NHS Confederation Releases “Lean Thinking for the NHS”

The United Kingdom has taken an important step in leading the Lean healthcare movement today with the publication of Lean Thinking for the NHS by the NHS Confederation (National Health Service) based on studies done by the Lean Enterprise Academy. You can read the press release here, along with some interesting survey results.
There is also growing awareness for the need to apply principles of the Toyota Production System United States to improve patient safety and reduce cost. An article in the Wall Street Journal on June 14, 2006 titled Hospitals Move to Cut Dangerous Lab Errors reports on efforts healthcare professionals are making in Lean healthcare.
The article reports some interesting facts about a study of 335 pathology-related malpractice claims published last month:
…63% of these claims involved the false-negative diagnosis of cancer and 22% involved the false-positive diagnosis of cancer. One of the most persistent problems is the poor quality of specimens to begin with.
The reason is:
Even though it is usually apparent if the proper cells aren’t present, “the lab will just make a diagnosis on what it gets,” Dr. Raab notes.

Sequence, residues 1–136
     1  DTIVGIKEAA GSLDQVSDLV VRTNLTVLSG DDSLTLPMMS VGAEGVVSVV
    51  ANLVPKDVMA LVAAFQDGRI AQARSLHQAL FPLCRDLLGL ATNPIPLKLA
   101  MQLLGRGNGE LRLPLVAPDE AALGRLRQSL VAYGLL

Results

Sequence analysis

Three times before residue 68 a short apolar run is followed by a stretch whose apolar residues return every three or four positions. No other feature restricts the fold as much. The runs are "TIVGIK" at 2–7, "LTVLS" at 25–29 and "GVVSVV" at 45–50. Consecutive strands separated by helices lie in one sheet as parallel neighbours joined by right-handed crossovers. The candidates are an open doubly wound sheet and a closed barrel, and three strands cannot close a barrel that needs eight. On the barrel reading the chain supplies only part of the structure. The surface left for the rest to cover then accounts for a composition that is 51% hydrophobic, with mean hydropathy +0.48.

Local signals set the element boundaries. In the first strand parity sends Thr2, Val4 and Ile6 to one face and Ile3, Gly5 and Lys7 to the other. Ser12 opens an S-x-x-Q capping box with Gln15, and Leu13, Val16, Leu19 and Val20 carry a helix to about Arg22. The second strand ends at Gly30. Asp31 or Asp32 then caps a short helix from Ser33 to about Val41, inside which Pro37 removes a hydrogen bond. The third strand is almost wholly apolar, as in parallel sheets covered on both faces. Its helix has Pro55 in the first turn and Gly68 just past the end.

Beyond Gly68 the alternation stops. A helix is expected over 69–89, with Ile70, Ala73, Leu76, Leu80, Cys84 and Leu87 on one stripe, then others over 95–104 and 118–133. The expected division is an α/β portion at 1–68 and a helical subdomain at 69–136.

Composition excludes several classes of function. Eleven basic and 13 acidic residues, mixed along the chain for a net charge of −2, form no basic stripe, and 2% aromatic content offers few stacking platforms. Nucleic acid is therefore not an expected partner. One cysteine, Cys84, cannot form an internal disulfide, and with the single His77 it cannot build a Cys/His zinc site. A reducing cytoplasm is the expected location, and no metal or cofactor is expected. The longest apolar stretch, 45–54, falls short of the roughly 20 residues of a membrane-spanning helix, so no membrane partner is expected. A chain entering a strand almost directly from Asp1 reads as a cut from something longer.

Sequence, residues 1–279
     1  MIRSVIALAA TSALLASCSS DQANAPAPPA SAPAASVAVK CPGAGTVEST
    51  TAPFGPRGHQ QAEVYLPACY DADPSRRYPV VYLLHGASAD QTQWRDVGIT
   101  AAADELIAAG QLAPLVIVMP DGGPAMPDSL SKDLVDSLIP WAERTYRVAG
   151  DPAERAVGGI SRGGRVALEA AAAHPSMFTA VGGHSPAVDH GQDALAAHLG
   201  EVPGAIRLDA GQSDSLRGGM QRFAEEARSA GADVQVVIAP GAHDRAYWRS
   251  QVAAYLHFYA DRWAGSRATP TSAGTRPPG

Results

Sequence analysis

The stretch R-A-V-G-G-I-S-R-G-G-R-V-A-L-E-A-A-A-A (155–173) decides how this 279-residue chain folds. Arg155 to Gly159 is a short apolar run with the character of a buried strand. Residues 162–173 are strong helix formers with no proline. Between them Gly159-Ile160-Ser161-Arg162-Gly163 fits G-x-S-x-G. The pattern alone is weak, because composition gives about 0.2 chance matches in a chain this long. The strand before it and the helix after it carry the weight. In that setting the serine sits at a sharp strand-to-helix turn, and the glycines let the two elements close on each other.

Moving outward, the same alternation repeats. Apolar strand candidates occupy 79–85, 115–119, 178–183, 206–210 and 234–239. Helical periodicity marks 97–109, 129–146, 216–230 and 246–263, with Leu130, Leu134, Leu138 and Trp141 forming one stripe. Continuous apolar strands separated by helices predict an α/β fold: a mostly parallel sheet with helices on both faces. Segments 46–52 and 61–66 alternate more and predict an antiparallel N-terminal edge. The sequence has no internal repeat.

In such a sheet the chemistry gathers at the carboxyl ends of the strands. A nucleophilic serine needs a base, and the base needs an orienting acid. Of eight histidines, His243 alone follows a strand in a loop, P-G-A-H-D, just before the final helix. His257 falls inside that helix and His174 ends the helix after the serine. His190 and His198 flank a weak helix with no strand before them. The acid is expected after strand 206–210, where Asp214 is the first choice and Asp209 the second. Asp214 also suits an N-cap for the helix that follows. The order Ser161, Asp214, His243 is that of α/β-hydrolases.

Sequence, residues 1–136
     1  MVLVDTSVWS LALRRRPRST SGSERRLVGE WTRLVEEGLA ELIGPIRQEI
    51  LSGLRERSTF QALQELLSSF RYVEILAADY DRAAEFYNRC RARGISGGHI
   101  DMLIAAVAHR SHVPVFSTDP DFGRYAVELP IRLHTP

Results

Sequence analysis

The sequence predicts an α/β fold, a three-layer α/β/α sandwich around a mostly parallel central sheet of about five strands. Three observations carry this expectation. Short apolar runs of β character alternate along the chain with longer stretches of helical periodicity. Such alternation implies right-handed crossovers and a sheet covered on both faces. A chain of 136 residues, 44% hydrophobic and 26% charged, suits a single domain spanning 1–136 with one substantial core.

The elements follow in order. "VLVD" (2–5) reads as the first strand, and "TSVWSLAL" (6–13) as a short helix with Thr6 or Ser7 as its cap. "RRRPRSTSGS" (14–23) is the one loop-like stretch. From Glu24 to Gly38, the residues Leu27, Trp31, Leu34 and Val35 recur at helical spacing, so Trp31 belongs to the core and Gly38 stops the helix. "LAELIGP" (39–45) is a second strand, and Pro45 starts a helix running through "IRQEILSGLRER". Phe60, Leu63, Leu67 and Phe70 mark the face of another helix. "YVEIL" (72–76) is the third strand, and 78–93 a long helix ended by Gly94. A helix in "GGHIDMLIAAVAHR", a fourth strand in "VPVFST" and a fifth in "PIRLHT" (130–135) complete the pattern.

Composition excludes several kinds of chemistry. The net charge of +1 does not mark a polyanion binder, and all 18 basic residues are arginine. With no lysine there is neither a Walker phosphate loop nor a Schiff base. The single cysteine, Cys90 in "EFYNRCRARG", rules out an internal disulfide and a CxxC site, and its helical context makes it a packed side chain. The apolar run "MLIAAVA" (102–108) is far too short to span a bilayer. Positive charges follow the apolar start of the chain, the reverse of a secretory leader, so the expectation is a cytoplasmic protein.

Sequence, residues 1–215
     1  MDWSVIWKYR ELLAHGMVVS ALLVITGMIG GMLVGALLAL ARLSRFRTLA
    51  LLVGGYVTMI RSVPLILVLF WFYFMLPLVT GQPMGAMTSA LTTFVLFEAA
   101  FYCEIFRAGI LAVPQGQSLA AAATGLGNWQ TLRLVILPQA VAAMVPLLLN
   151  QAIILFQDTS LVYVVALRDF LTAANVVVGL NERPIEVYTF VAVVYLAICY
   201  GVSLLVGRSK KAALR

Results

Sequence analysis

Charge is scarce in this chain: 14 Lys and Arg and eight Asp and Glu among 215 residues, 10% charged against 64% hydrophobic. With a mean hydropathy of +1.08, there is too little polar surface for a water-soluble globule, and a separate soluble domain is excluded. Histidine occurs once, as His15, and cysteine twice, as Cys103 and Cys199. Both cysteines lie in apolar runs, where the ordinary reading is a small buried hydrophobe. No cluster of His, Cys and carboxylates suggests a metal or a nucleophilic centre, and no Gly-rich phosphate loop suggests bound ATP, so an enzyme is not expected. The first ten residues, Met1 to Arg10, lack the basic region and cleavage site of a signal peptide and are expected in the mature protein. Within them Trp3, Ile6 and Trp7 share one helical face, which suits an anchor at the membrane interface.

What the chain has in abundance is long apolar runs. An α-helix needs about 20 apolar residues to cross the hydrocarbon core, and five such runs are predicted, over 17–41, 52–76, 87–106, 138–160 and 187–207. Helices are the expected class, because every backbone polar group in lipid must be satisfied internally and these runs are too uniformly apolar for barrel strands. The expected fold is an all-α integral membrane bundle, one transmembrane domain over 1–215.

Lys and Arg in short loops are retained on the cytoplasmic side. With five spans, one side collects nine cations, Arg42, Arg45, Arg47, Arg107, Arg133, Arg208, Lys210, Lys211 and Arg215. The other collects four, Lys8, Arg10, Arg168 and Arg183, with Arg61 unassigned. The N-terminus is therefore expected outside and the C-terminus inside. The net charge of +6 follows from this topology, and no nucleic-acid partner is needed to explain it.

The WSJ article reports that University of Pittsburgh Medical Center has been making improvements in these areas.
Dr. Richard Zarbo at Detroit’s Henry Ford Health System (fittingly enough) started in January a pilot project based on study of the Toyota Production System:
…to speed up specimen-processing time in the surgical pathology lab, moving racks that load slides on a machine nine feet closer so technicians didn’t have to walk back and forth so often, and processing smaller batches of slides every 20 minutes instead of waiting for the 60 slides necessary to fill the machine.
These are basic yet significant improvements any competent industrial engineer or an experienced assembly line supervisor could have helped this lab accomplish. Perhaps hospitals in the Detroit area should start hiring some of the factory workers GM and Ford are laying off and ask them to create process flow in hospital labs.
In 2001, the lab started an educational program and began rejecting inadequate blood samples through a strict specimen-labeling policy, reducing the number of defective specimens from 1,700 a month to just 30.
Great work Lean Enterprise Academy, doctors and others. Hurry up and get the hospitals Lean so you can work on Lean government.